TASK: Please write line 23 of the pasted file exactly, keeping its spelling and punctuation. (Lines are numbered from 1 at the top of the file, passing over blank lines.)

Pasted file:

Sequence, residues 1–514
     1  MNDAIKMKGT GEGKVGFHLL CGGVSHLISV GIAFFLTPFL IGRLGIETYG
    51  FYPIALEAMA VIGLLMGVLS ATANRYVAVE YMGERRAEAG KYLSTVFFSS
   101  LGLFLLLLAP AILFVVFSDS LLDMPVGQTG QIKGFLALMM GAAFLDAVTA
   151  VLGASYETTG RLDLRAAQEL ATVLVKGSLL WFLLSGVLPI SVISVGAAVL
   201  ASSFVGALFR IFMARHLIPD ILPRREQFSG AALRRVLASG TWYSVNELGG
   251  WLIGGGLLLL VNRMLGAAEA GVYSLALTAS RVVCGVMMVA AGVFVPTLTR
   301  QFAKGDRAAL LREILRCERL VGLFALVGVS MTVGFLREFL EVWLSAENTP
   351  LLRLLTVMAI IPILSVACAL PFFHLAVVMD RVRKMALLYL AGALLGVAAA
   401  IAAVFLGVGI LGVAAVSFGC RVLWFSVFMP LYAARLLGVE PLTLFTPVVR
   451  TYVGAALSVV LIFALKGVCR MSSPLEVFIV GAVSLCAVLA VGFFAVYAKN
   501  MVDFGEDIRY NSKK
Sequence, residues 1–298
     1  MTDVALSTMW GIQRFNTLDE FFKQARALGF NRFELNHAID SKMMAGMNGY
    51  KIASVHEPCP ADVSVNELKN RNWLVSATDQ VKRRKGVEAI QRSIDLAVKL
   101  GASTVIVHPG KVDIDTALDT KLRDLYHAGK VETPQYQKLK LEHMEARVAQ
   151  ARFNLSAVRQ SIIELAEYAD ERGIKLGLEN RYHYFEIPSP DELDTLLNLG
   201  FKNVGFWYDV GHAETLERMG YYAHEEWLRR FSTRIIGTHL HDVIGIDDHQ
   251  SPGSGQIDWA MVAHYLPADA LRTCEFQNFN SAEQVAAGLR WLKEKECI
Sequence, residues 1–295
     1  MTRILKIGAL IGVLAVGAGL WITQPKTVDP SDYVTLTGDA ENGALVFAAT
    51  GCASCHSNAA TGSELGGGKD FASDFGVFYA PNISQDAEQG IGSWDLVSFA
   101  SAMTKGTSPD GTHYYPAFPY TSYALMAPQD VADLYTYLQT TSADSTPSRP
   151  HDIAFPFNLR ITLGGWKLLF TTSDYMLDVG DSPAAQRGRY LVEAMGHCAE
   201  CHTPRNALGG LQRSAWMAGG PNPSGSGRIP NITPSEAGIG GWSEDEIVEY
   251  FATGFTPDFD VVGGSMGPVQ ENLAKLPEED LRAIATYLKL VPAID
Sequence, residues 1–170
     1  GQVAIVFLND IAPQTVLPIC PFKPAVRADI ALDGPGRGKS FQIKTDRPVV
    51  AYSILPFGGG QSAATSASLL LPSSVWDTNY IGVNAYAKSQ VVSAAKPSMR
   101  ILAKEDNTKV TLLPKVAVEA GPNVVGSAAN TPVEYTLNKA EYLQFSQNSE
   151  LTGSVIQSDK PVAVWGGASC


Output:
   101  SAMTKGTSPD GTHYYPAFPY TSYALMAPQD VADLYTYLQT TSADSTPSRP